‘Fitting in’: the emergence of short-term programs
“I did not consider anything less than a year to be considered a real exchange. How could you master a language, build relationships, and integrate yourself in a community for anything less than at least a few months?”
After writing for The PIE Blog on the unexpected challenges that can crop up during a homestay, Mary Beth Brungardt writes about the value of short-term study abroad.
It has been exactly one week since I arrived to China. Today I joked with a friend that I have not used a fork in seven days, which led to a discussion recapping everything we have learned in such a short period of time.
The growing popularity of short-term study abroad programs has started a debate among professionals and educators in the field. Are these short-term programs more than just an ‘academic trip?’ Does the length of a program dictate whether or not we should label the experience as ‘study abroad?’
There appear to be two trending categories of short-term participants: those who are unwilling to spend extended periods of time away from home, and those who are restricted by certain curriculum requirements. As a result, summer, May, and ‘J’ term programs are becoming increasingly popular among university and high school students. These programs allow us to “fit” the experience into our schedule, and require less commitment.
“There appear to be two trending categories of short-term participants: those who are unwilling to spend extended periods away from home, and those who are restricted by curriculum requirements”
As a junior in high school, I packed my bags and headed out to Spain on a year-long program. At the time, I did not consider anything less than a year to be considered a real exchange. How could you master a language, build relationships, and integrate yourself in a community for anything less than at least a few months? By the time you establish a routine, it would be time to go home.
Despite these disadvantages, short-term programs play a critical role in international education. Spending a few weeks abroad will inevitably not give you the same return as a year. Relationships and integration in the community require time. Languages are not mastered overnight. The bottom line is that you cannot compare short and long-term programs. Each program type has different goals and expectations. But if a student can only study abroad for a short amount of time, catering to this need continues to support our greater mission: raising cultural awareness and understanding.
Coincidentally, my internship project at CIEE revolved around its high school summer abroad program. Reading the feedback from students made me realize how powerful a 3-4 week experience impacted their outlook on the world. They kept blogs. Posted on social media. They shared their experiences and became global ambassadors by educating others of a world very different than their own.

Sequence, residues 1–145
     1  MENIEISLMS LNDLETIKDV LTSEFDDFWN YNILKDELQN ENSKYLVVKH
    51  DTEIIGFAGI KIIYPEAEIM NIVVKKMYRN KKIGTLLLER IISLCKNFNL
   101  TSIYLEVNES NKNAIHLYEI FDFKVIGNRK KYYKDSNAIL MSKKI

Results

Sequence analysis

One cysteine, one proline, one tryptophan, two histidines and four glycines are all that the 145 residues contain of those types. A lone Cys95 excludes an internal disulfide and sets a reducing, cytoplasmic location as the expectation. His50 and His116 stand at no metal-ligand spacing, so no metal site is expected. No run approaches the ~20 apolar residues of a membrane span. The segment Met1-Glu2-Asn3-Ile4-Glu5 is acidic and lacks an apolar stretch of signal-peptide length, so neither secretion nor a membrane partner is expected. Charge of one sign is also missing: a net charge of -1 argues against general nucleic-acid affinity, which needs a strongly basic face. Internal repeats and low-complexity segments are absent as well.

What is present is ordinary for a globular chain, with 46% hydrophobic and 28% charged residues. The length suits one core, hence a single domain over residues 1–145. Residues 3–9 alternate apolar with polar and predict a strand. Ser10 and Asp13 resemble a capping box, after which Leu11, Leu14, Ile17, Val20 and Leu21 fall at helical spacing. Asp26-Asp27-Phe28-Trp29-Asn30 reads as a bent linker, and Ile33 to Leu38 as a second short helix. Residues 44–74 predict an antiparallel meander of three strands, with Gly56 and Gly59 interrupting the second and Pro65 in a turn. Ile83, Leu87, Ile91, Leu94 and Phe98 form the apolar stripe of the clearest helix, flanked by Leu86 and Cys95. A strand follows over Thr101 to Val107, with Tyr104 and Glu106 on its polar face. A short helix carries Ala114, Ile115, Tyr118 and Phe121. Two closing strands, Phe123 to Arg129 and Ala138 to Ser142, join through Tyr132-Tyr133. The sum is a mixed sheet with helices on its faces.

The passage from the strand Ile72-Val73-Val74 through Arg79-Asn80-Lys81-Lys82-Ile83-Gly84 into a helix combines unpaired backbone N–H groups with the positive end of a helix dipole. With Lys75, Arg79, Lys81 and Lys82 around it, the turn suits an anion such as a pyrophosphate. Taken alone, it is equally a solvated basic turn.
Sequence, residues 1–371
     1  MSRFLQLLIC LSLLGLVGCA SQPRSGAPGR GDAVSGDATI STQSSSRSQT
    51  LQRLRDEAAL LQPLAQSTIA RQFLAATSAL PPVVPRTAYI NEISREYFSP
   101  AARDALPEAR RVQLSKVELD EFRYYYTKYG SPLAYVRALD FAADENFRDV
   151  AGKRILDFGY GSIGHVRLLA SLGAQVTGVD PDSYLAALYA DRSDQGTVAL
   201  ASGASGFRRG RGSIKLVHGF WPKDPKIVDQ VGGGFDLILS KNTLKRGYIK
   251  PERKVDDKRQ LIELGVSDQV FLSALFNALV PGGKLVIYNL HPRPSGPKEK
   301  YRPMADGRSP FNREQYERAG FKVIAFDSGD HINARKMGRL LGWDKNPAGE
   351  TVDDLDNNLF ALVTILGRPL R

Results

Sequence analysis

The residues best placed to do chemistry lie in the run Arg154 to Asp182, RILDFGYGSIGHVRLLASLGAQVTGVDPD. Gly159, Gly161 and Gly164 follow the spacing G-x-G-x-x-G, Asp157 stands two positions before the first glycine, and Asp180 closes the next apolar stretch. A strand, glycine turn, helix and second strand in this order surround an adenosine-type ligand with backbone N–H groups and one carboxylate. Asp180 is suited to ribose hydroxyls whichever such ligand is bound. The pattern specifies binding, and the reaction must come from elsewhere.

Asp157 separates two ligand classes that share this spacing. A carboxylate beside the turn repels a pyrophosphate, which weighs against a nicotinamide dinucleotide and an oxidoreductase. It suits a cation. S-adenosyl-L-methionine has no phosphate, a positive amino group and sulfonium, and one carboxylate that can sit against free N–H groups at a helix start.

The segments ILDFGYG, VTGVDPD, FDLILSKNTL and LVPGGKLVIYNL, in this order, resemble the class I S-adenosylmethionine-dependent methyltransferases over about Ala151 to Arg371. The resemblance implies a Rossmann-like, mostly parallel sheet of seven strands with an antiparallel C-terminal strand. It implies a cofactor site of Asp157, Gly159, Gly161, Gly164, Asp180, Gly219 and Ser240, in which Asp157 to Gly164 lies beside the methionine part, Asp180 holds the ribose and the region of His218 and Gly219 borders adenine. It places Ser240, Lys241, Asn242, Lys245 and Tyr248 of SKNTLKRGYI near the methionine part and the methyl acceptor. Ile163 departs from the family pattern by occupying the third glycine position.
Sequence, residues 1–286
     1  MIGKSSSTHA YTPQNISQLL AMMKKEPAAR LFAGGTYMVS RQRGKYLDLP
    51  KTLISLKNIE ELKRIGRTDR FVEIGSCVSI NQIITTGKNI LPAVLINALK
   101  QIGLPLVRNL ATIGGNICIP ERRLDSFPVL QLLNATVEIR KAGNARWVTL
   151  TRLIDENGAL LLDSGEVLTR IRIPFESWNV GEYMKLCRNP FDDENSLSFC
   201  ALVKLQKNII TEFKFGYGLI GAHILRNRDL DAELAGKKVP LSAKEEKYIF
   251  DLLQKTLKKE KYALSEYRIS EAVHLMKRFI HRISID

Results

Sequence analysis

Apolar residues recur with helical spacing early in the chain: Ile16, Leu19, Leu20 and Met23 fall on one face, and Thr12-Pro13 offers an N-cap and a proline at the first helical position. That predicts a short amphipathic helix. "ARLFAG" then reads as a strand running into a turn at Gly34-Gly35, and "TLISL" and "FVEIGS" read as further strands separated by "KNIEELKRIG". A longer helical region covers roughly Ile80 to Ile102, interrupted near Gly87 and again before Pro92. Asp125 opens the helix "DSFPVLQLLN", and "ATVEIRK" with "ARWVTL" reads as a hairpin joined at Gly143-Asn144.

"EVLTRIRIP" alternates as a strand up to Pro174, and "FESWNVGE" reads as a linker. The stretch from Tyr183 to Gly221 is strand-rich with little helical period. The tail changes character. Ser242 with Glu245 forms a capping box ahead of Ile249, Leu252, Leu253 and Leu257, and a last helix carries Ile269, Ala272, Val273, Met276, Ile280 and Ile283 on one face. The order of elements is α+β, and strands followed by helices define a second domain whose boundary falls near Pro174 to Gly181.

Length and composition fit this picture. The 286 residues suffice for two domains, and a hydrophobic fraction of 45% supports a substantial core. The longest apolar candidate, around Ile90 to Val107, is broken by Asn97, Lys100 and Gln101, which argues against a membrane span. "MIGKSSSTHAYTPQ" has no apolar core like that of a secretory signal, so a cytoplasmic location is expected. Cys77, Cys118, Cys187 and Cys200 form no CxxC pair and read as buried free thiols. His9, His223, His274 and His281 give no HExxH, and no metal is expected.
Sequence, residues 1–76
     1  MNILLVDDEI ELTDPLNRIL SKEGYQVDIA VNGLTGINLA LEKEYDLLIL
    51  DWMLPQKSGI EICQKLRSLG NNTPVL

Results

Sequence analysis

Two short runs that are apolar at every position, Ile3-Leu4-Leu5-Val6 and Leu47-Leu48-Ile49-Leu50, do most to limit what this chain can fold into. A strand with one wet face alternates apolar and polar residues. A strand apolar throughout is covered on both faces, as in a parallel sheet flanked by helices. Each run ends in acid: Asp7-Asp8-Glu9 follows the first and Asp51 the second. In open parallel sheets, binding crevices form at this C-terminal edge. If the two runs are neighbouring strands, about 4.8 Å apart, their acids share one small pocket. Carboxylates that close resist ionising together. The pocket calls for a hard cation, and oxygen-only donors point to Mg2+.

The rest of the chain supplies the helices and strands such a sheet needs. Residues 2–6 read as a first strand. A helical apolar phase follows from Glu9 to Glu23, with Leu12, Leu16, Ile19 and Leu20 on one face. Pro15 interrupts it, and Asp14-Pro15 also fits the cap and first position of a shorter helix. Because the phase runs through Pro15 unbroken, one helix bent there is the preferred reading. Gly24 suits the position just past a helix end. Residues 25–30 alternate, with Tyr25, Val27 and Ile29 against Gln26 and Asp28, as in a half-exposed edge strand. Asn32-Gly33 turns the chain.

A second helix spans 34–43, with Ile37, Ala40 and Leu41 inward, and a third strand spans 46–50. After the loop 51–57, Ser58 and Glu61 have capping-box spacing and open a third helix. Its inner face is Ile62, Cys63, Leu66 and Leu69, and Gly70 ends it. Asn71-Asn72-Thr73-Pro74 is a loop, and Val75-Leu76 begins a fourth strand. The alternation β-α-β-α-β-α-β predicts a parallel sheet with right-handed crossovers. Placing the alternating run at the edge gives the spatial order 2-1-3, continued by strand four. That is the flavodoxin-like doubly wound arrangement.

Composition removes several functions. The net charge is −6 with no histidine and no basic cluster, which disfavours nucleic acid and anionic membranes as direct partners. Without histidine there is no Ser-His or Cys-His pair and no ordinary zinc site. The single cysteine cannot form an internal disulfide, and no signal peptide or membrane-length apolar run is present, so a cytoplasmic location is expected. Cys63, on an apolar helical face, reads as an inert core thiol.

When I told people that I was going to study abroad in China for a semester, I got a wide range of reactions. The people who had previously visited Asia thought it was a brilliant idea. They raved about the amazing food, business opportunities, and endless city nightlife. Those who thought I was “brave” or “a bit extreme” had never traveled here before. They told me stories they had heard from a friend of a friend who went there once back in the ’80s. They expressed how dirty and unsafe they believed the country to be. They brought up one or several of China’s well-known weaknesses.
“If a student can only study abroad for a short amount of time, catering to this need continues to support our greater mission: raising cultural awareness and understanding”
After being here a week, it is impossible for me to even tap into everything there is to know about this city. But there are a few things that stand out.
Each morning when I wake up, the city’s daily air quality score sits at the top of my app notifications. On my walk to campus, I pass a local hole-in-the-wall food market, whose smell and appearance remind me of the poverty-stricken markets I saw in Morocco. At every crosswalk, I am thankful for the pedestrian rights and protection laws that exist in the United States. When at a restaurant, I always order a beverage that is sealed.
However, there is so much good about this country that people do not know. Let me tell you about my Chinese language tutor, who bends over backwards to help me pronounce tones correctly. Or how approachable people on the street are when you need directions. And did I mention that Shanghai has one of the cleanest metros I’ve ever seen? Not to mention the incredible malls, history, architecture, restaurants, and rapidly emerging middle class.
Seven days isn’t everything, but it’s something.